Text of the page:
Avishai Cohen & Yonathan Avishai: Playing The Room


Arguably less well-known than his namesake bass-player, Avishai Cohen the trumpeter came to my attention with his 2001 recording titled The Trumpet Player (not released until 2005) and I was mightily impressed. Principally neo-bop it nonetheless embraced the entire tradition, but he had also leaned towards the avant-garde with the Lemon Juice Quartet.

Avishai, now based in Paris, has been for some while a member of Cohen’s quartet as well as leading various groups himself, and his trio is now also signed with ECM. The two of them have been friends and musical partners since their teens in Tel Aviv, so the considerable empathy and compatibility they display is hardly surprising.

The album title is a reference to the duo’s attention to the acoustic properties of the Audio Stelio Molo in Lugano, which invited a generally restrained approach, mainly concentrating on lower and middle registers, although reaching upwards where it felt right, as on Crescent.

The choice of material is as excellent as the interpretations the songs inspire. It was decided that as both players showcase their original compositions with their own groups they would concentrate on exploring pieces by musicians they admire. Thus, only the first two tracks are compositions by the duo (Cohen and Avishai respectively) and there is a beguiling closer by Sasha Argov.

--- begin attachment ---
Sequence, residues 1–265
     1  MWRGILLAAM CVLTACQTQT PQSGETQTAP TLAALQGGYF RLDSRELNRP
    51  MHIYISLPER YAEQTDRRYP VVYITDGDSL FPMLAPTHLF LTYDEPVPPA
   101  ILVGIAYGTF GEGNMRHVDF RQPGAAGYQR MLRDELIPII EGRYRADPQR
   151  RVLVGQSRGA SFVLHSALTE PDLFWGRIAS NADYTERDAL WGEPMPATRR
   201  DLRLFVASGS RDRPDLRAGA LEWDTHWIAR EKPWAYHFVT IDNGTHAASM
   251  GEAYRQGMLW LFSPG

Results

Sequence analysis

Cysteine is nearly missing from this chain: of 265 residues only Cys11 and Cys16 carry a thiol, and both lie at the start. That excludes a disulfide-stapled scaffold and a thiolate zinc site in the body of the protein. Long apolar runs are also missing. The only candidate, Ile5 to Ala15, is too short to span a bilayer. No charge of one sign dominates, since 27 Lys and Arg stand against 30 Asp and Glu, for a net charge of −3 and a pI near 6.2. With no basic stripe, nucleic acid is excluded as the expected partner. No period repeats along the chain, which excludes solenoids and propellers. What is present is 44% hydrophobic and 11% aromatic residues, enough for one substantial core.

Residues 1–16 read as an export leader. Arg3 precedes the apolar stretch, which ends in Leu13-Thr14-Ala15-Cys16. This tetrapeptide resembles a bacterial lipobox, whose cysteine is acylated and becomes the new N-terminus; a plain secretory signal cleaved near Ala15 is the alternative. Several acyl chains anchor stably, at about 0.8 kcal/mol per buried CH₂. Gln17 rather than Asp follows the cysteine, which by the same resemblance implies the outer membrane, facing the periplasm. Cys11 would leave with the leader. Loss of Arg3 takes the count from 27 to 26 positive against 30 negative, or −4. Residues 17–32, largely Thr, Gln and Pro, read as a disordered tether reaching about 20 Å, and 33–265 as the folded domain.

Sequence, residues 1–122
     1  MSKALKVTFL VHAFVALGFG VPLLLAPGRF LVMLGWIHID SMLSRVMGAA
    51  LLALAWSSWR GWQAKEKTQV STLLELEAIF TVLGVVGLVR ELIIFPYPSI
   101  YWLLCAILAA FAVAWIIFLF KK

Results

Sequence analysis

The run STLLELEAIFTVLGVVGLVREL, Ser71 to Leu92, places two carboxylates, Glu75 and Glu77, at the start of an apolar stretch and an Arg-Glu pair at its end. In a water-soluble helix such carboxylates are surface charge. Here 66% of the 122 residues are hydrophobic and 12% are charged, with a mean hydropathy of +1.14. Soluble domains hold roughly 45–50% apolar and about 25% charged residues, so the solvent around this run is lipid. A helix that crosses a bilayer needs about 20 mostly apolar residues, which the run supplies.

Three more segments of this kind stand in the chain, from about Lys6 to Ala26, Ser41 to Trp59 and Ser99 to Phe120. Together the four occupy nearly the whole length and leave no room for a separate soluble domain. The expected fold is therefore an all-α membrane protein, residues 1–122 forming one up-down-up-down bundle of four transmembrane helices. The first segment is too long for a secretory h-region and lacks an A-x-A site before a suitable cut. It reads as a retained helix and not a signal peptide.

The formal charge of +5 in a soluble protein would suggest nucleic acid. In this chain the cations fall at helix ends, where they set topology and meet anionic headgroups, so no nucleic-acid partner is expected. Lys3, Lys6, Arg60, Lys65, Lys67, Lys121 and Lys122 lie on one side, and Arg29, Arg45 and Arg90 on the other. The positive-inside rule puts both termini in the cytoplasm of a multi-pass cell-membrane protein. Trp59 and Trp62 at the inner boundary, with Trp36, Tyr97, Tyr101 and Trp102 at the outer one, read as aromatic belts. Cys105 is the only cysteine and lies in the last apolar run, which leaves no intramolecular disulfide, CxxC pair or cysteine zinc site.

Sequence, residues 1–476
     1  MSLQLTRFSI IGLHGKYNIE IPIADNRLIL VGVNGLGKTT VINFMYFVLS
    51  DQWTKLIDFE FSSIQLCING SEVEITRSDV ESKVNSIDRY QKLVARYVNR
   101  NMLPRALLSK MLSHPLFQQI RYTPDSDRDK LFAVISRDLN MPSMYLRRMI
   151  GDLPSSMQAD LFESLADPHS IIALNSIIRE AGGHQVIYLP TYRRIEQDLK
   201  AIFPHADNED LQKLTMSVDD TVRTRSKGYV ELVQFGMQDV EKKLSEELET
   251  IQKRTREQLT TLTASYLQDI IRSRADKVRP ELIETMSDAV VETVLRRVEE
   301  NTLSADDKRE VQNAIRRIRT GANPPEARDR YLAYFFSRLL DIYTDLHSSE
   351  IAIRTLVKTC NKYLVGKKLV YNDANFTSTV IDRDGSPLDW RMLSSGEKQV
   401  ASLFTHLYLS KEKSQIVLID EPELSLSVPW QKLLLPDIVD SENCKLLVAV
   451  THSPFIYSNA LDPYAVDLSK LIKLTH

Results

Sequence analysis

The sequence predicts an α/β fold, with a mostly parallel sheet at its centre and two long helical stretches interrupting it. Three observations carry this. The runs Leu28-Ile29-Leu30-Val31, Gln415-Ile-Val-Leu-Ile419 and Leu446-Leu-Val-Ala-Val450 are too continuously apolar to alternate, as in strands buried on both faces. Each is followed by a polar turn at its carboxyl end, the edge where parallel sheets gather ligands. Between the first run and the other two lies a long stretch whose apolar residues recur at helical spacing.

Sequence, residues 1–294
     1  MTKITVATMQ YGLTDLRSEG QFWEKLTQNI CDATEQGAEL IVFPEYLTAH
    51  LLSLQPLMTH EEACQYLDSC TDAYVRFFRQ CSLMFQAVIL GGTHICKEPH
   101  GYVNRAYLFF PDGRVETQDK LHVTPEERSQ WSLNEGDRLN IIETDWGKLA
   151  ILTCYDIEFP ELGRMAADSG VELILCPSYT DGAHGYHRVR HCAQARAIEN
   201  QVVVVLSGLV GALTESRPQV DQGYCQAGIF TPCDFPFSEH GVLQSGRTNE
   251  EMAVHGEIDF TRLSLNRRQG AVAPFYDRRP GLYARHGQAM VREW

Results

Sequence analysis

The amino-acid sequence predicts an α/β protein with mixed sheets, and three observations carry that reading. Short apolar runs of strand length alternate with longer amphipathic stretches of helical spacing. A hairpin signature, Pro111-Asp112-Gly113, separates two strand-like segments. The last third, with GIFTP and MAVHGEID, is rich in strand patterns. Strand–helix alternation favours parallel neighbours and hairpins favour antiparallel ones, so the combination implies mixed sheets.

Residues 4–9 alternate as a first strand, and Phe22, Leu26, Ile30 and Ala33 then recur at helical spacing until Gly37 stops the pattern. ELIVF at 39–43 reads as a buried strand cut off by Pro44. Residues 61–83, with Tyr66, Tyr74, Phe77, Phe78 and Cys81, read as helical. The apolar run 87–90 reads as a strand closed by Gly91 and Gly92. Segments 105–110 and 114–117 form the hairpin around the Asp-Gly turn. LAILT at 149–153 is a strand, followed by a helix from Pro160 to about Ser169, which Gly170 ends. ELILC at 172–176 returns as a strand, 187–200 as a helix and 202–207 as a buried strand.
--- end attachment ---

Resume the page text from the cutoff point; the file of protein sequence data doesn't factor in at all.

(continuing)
The other tunes are fairly well-known pieces by, in order, John Coltrane, Duke Ellington, Abdullah Ibrahim, Ornette Coleman, Milt Jackson and Stevie Wonder, but all are given refreshingly different treatments. Avishai gives Ibrahim’s Kofifi Blue more of an Ellingtonian flavour than he does to the Duke’s own Azalea, with some subtle and witty stride passages. Dee Dee (from Coleman’s 60s trio repertoire) gets a puckish workout, more astringent than the original’s sing-song innocence, and Milt Jackson’s tribute to critic Ralph Gleason includes some appropriate counterpoint and tasty, rumbling lower-register piano. Wonder’s tribute to Ellington, a feature for Avishai, gets a delicate, flowery make-over. The album closes in a similar reflective mood to how it began.

The Opening; Two Lines; Crescent; Azalea; Kofifi Blue; Dee Dee; Ralph’s New Blues; Sir Duke; Shir Eres (Lullaby) (45.58)
Cohen (t); Avishai (p). Lugano, September 2018.
ECM 775 2277